Child medical experiments Illegal vaccine experiments

Down's babies used in vaccine experiments
By Victoria MacDonald, Health Correspondent

July 1997

BABIES and young children with Down's syndrome were used as guinea pigs by British doctors in 1960 to test an experimental vaccine for measles.

The children, who were living in institutions for the "severely subnormal", were subjected to the experiments because the doctors said it was "useful" having them in hospital where they could watch over them for adverse reactions. One of the children died seven days after being vaccinated from a common side-effect of measles, but the doctors described it as coincidental in their report.

Llewellyn Smith, Labour MP for Blaenau Gwent, said last night that he would press for an adjournment debate tomorrow. Mr Smith, who has campaigned for two years on behalf of children damaged by vaccines, said that to use mentally handicapped children as guinea pigs was "to say the least scandalous. It is totally unacceptable in any society which calls itself civilised. There must be an inquiry into how this could have happened. I do not see how it could have been justified."

Only two of the doctors who did the experiments at the Fountain Hospital in Tooting, south London, and at Queen Mary's Hospital, Carshalton, Surrey, are still alive. Dr Inez Aldous, retired in Ipswich, said: "The benefits were tremendous with these children living in very poor circumstances, and measles was a disaster."

Professor Neville Butler, of the International Centre for Child Studies, in Bristol, said: "It was neither here nor there that they were Down's syndrome children." He could not remember much about the tests except that he did not think there was more chance of a Down's syndrome child suffering a reaction than any other child. He said: "The makers of the vaccine had thought it was all right. Certainly I do not think it would be done today on children who are mentally retarded. The measles vaccine has reduced the number of children dying throughout the world and you could argue that without trials like that people would never have known what to do."

The research was uncovered in an investigation by Richard Barr, a solicitor with Dawbarns, who is representing families of children said to have been damaged by the measles, mumps and rubella combined vaccine. Mr Barr has been trying to find out what safety tests were done on the measles vaccine given to millions of children.

Dr Andrew Wakefield, of the Royal Free Hospital, London, who fears the measles vaccine can lead to children developing Crohn's disease, a serious inflammatory bowel disorder, and autism, said he was shocked by the 1960 experiment.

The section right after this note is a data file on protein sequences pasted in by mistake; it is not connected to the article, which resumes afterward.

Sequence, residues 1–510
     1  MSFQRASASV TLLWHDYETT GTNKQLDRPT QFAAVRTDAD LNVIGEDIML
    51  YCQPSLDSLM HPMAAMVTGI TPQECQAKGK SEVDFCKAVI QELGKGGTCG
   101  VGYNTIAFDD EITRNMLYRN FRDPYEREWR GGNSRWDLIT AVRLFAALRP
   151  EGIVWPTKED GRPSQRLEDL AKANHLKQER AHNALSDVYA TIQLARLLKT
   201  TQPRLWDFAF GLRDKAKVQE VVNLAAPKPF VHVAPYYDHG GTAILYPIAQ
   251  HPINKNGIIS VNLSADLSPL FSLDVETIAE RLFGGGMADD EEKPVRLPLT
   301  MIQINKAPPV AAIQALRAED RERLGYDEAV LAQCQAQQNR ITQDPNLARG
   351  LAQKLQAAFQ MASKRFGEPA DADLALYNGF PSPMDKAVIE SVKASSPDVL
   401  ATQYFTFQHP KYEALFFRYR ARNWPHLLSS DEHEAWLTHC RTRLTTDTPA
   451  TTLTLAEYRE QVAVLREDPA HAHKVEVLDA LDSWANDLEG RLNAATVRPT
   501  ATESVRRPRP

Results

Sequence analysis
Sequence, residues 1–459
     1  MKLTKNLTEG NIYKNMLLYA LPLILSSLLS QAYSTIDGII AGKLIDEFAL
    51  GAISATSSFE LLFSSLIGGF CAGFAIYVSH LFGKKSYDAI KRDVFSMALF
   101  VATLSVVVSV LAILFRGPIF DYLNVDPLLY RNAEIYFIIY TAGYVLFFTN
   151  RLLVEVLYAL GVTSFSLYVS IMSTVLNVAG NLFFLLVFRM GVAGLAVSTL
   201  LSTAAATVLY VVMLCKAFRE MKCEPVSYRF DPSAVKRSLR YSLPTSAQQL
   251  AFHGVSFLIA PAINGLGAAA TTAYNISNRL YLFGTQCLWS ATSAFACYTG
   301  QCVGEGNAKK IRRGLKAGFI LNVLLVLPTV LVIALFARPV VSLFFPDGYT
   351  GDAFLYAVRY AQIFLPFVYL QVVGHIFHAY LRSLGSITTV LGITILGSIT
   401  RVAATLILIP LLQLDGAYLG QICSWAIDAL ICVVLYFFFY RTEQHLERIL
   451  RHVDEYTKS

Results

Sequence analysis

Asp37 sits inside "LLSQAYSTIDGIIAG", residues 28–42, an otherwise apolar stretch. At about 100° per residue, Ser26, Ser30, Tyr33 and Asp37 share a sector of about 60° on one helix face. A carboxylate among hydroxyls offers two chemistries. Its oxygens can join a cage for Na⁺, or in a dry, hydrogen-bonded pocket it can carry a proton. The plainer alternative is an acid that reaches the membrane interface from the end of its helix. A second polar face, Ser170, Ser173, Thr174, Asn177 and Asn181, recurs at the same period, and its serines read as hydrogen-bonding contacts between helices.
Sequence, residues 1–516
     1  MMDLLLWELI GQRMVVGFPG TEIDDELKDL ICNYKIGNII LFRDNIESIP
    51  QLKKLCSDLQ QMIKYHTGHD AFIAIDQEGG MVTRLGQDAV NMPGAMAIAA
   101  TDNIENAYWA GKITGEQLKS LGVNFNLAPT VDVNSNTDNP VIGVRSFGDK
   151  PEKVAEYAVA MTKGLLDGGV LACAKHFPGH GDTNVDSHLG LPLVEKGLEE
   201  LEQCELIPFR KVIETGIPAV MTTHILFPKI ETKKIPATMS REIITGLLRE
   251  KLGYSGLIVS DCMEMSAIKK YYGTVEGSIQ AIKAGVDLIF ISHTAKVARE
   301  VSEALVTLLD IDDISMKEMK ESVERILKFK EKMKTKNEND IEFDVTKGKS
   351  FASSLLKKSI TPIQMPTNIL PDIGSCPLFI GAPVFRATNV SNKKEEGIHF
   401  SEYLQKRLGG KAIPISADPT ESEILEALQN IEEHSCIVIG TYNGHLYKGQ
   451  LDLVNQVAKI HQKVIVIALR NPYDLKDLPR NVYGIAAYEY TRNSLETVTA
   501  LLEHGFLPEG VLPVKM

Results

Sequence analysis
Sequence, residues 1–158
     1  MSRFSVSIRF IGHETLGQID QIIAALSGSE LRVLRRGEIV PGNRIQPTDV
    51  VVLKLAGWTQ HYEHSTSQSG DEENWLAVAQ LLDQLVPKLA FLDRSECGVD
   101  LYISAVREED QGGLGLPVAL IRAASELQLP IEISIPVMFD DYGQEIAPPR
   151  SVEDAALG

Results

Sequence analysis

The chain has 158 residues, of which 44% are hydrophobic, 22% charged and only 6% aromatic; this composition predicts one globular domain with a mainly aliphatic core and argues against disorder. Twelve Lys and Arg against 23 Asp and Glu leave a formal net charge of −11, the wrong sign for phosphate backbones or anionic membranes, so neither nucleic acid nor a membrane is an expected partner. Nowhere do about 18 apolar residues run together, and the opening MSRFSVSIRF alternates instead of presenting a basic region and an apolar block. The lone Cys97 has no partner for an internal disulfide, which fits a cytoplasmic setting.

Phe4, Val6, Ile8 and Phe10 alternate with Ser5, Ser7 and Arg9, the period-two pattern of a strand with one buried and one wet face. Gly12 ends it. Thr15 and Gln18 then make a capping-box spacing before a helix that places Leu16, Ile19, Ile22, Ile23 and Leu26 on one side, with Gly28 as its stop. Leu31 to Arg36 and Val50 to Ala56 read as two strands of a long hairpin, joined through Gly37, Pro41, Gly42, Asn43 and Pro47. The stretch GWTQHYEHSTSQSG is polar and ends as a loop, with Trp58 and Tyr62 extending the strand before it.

"This is both a practical and an ethical issue. You cannot extrapolate from brain-damaged children to normal infants," he said. "The question you have to ask is can we apply the same standards now as to then? I do not see why not."

Dr Richard Nicholson, editor of the Bulletin of Medical Ethics, said: "People try to say that you cannot apply the same ethical standards today as you could in the 1960s. You have to do research with proper safeguards in place and the safeguard was there in 1960 but it was largely ignored by doctors."

The research involved 77 children aged between one and 11. They were described by the doctors as severely subnormal "in the imbecile and idiot range". 56 of the children were given one of three live measles vaccines. The others remained unvaccinated as "controls".

Most of the children developed mild measles with fever and a rash. Nine had marked reactions including bronchopneumonia and photophobia, a reaction to light. One boy, said to be severely mentally retarded with a history of epilepsy, died on the seventh day. A post-mortem examination revealed bronchopneumonia and appendicitis.

The results of the research led to the Medical Research Council's Vaccine Committee creating a trial of the safety and efficacy of the measles vaccine in 1963. This is seen as one of the definitive vaccine studies upon which vaccine policy is based.

The trial was arranged in 32 areas throughout Britain and involved 36,000 children from 10 months to two years of age. But adverse effects were only monitored for three weeks. Nine months after the trial began the measles vaccine was offered to all unvaccinated children.

In October 1988, the combined measles, mumps and rubella vaccination was offered for the first time. The measles component was based on the 1960 and 1963 study. Although the vaccine used today is weaker than doses used on the children in 1960, researchers believe that this does not mean that it cannot cause underlying, long-term health conditions. Jackie Fletcher, who set up the organisation JABS after her son was damaged after vaccination, said: "The more I go into this the more horrific it becomes."

Gavin Smith, now 15, received the measles vaccine when he was 30 months old. When he was six he developed SSPE, a rare fatal swelling of the brain caused by persistent measles infection. His parents Yvonne and Phil, of Edlington in Doncaster, were told by Gavin's consultant that it was caused by the measles vaccine. He is totally paralysed and has already lived several years longer than expected. Mrs Smith said: "These studies are disturbing. Nobody told us then that there might be any problems."

The Department of Health refused to answer any questions on the ethics of using children with Down's syndrome to experiment on. It said the Joint Committee on Vaccination and Immunisation, an independent committee which advises the Government, had looked at the measles vaccine three times in the last two years and found no evidence to question its safety.